Lockheed Martin has accomplished a successful burst test of a sub-scale inflatable space module at its Denver facility, with the module enduring a pressure of 253 psi – six times its operational pressure – before intentional rupture. This marks the aerospace company’s second burst test of its kind, confirming previous results’ consistency and reliability. Notably, the module’s explosion caused the test stand to break free, emphasizing the inflatable structure’s extraordinary energy containment ability. The testing is part of NASA’s Next STEP program, targeting technological enhancements for human spaceflight beyond low Earth orbit (LEO). These inflatable modules are pivotal to NASA’s Artemis program, which intends to perform crewed missions around and on the moon. These efforts are precursors to NASA’s ultimate aim of establishing a permanent human settlement on the lunar surface and preparing for future Mars expeditions.
Lockheed Martin’s inflatable habitat concept stands out for space infrastructure because of its lightweight and compact design. The inflatable modules offer a cost-effective, efficient alternative to transporting larger, rigid units, making them ideal for space launches and for constructing substantial structures in space, a shift from the approach used for the International Space Station (ISS). Jonathan Markcity, a Senior Systems Engineer at Lockheed Martin, underscored the importance of system-level testing for verifying design and manufacturing processes. Lockheed’s engineers managed to construct the soft part of the inflatable sub-scale within 8 weeks, overseeing all in-house production. Following the successful burst tests, Lockheed now needs to assess the inflatable structures’ long-term operational potential.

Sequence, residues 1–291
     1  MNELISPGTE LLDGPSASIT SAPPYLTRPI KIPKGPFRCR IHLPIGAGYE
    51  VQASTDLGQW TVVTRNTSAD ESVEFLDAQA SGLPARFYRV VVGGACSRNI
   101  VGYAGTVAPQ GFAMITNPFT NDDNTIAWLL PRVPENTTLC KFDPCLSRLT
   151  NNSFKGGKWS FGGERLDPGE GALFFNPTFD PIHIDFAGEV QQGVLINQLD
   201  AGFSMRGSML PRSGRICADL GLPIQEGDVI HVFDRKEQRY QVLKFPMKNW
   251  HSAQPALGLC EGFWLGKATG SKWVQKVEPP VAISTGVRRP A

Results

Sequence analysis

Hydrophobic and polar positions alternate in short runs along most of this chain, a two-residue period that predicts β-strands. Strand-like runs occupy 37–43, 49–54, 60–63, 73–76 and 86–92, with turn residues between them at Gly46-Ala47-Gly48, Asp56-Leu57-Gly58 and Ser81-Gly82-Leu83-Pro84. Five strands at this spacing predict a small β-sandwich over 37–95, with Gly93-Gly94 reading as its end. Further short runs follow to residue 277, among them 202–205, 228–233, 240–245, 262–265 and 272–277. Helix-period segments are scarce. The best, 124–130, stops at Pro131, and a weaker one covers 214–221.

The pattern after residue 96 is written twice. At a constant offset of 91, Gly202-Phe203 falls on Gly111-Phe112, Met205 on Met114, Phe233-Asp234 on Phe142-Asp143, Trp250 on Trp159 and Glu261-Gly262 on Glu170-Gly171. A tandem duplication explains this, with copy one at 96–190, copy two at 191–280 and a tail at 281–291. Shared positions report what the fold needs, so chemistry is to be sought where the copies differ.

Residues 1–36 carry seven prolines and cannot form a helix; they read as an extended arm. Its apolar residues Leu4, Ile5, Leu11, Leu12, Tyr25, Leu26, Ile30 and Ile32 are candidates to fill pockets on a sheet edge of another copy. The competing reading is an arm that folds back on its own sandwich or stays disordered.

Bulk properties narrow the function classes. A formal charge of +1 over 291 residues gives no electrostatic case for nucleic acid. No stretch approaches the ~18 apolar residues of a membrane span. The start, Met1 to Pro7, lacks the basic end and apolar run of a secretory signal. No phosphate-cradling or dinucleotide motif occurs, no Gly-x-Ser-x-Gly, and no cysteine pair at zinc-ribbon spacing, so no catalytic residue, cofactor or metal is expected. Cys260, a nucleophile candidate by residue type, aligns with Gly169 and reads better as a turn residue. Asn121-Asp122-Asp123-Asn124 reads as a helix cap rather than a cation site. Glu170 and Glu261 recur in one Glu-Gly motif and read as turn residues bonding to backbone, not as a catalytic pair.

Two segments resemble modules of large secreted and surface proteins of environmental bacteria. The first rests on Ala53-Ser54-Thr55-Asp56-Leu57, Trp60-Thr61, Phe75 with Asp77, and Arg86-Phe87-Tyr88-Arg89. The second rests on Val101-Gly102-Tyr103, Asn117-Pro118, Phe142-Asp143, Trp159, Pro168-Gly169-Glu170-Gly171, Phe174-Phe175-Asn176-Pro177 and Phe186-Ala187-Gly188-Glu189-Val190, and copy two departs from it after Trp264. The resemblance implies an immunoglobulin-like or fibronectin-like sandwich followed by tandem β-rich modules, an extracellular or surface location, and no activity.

Further tests will involve full-sized modules and include critical components such as hatches, windows, and life-support materials. The burst test carried out on the Titan rocket test stand validated the reliability and consistency of the inflatable habitat technology. The most recent test yielded an unexpected result when the module’s explosion launched the test stand, demonstrating the inflatable habitat’s powerful energy potential. Lockheed’s engineers will now progress to the subscale system level creep testing phase to verify the habitat’s operational lifespan. Concurrently, full-scale burst tests will be carried out to obtain crucial data and confirm the scalability of the manufacturing techniques used for these modules.
After these successful tests, the team can proceed with adding windows, hatches, and other hard points to the softgoods structure. Lockheed Martin aims to create habitable structures on the Moon, Mars, and beyond with this inflatable habitat technology. The success of the burst test is a significant milestone in the development of inflatable space habitats, a technology that could transform space exploration. This step represents a substantial progress in aerospace technology and could reshape human presence in space. Burst tests are vital for gauging the resilience of inflatable modules in space’s unpredictable environment. The consistent test results highlight the technology’s adaptability for various space habitation applications, edging NASA closer to its goal of a permanent human presence in space. These tests not only verify the reliability of inflatable habitats but also cement Lockheed Martin’s standing as a key innovator in the aerospace industry. As this trailblazing technology continues to evolve, the vision of creating sustainable human settlements in space becomes more feasible.